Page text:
Today marks a year since I have been to church. We started attending services in 2006, joined in 2009, and attended regularly until the first week of February of last year. Honey has visited once since then.
When people find out we are no longer going, they instantly assume something happened to offend one of us. That is absolutely not the case. I can’t recall ever having anything but kindness shown to my partner and myself as we attended church over a span of almost seven years. The issue, my issue, always boils down to a combination of lack of faith and problems with organized religion.
Regular readers of this blog will know some of my history with Christianity. I grew up in a very small Pentecostal Holiness church. Although there were many restrictions on dress and behavior, I believe most of the people I grew up worshiping with were good people who were sincere in their beliefs. My problems with that denomination arose when I became a young man and realized there simply wasn’t a place in the pews for people like me.
Last night, on YouTube, I stumbled across a video of a Holiness woman preaching (female preachers were common in the denomination of my youth). This was the same woman who met with me a few days after coming out to my family to inform me that gays occupy the lowest level of hell. I realized something while watching her last night; she might be charismatic and eloquent, but she likes to use fear and her loud voice as weapons of intimidation. I actually felt sorry for her.
The church we are both members of now is a far cry from the Holiness church. Aware of the UCC’s beliefs on homosexuality, I knew before we even entered the building on our first visit that we should have no problems in that regard. We never did. We were embraced as a couple and as whole people who didn’t need “fixing.”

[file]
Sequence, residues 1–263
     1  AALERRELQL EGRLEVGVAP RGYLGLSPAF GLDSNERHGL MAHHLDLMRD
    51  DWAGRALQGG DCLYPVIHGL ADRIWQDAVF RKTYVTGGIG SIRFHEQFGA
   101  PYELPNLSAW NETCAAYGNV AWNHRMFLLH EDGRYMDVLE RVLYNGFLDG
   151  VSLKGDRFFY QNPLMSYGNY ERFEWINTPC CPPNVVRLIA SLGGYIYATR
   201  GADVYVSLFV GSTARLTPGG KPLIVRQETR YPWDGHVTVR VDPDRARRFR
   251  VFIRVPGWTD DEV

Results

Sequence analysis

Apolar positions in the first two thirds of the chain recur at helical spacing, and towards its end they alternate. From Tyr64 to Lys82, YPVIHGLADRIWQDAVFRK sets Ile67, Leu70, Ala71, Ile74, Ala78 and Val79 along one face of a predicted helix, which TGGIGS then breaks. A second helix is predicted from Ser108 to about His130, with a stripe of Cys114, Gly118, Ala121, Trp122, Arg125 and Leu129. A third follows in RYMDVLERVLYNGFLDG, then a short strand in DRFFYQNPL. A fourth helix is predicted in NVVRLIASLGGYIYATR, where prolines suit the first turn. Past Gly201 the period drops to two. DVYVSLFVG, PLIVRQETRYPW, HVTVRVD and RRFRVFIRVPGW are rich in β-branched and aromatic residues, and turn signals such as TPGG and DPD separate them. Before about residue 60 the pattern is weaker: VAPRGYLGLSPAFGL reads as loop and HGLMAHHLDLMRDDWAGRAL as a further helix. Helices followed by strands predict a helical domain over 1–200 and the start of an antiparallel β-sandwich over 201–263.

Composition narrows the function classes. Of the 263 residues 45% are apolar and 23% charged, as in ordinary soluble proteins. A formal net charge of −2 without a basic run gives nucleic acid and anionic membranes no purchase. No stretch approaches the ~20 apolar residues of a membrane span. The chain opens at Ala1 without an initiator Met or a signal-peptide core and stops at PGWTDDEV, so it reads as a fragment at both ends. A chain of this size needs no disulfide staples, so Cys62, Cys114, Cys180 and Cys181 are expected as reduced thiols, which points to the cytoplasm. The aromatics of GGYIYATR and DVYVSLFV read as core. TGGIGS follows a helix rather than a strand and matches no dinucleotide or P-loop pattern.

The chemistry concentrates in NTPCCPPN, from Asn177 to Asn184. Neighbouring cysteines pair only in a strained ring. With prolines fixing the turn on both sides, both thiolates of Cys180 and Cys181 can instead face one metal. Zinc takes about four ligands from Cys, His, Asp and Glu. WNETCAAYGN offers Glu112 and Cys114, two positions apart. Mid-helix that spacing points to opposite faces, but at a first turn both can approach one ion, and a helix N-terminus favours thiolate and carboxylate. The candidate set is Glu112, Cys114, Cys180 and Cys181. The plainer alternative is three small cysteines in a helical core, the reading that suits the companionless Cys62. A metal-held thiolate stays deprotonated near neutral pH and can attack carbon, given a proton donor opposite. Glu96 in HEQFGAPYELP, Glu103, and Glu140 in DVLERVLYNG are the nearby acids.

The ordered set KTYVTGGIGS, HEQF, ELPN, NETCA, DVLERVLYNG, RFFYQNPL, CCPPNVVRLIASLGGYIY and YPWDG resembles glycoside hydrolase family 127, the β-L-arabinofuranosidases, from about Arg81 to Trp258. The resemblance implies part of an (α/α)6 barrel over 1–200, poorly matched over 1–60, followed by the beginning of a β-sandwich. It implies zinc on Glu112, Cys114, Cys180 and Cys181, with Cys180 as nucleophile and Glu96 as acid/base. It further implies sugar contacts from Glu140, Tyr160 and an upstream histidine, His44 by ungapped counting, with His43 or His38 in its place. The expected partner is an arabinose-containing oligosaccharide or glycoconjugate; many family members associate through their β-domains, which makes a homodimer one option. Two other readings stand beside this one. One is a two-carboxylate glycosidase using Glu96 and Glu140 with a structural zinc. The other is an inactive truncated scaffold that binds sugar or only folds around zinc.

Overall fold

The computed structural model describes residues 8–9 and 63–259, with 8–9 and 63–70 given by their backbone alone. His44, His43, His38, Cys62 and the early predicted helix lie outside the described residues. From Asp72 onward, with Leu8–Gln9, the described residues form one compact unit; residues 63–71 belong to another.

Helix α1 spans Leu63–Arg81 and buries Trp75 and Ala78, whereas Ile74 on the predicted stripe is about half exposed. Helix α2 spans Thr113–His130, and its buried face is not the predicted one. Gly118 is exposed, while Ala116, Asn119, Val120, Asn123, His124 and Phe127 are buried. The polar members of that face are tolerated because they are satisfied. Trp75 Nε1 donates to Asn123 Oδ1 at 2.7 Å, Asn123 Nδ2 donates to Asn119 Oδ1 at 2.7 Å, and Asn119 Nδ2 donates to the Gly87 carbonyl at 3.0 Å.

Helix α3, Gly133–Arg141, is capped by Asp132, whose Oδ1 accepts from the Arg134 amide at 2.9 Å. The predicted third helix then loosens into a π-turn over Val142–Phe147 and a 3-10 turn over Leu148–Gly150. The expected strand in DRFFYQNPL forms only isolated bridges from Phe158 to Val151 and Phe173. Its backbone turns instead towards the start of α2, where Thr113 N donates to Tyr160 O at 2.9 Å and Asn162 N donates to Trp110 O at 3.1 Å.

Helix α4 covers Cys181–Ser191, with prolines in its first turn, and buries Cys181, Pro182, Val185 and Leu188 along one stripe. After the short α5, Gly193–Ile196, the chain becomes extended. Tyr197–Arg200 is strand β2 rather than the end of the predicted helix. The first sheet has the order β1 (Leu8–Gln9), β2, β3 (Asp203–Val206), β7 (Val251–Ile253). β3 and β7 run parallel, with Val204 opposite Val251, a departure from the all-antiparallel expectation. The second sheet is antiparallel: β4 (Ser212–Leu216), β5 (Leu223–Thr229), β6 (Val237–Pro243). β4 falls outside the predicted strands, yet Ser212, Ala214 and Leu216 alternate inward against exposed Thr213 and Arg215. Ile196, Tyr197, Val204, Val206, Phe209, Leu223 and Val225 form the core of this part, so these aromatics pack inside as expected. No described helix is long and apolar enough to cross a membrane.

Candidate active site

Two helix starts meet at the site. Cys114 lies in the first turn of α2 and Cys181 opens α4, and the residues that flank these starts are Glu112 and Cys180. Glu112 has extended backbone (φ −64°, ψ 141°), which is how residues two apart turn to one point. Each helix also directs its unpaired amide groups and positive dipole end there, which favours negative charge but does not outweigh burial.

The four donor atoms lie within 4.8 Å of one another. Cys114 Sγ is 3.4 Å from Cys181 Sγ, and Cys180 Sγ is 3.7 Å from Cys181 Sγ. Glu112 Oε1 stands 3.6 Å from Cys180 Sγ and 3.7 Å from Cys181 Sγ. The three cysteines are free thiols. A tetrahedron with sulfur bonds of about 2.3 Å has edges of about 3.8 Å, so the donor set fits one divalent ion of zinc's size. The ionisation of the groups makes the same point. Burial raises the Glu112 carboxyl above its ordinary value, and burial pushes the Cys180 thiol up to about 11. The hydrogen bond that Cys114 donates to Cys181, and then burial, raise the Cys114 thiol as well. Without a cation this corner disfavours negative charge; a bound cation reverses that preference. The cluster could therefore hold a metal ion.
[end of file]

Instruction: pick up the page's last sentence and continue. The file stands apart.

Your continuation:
So, why did I stop going? Again, it all came back to my issues with faith and religion. I felt like a hypocrite sitting in the pews on Sunday morning, tossing prayers toward heaven without any conviction they were reaching further than the rafters. Sure, there were times when I felt more connected to God, but overall my faith in religion has been in decline for several years.
I don’t know what I believe in any more. I want to believe there is a God who loves me and has the answers to all the universal questions we have, but maybe that is just a selfish part of being human and wanting to feel significant. Maybe all we have is what we see, and perhaps we will never know the answers to why we are here and how in the heck space can be infinite. It could very well be that we get this amazing life to live for a few decades and then we die and that’s it. And, really, isn’t that enough?
On this anniversary of sorts, I feel reflective but contented. I love spending Sundays at home with my partner and our spoiled kitties. We sleep in, watch movies, visit with friends, and cook dinner. When it’s warm enough, I often find myself working in the yard. When it’s cold, I often catch myself daydreaming and planning about what I am going to do when it’s warm enough to work in the yard. There are few things I enjoy more.
So, my Sundays are still sacred – just in a different way. And that’s perfectly fine with me.
I took the plunge and bought the ‘Feelin’ Blue’ cedar I mentioned a few posts ago. A coworker suggested I name it “Eeyore,” because of the weeping foliage that is characteristic of this species.
Since it is far too cold to plant right now, it has a temporary home against the back of the house. I placed the root ball in a large metal tub, surrounded it with mulch, and placed unopened bags of mulch around the tub to block the wind. Hopefully, it will hang on until spring.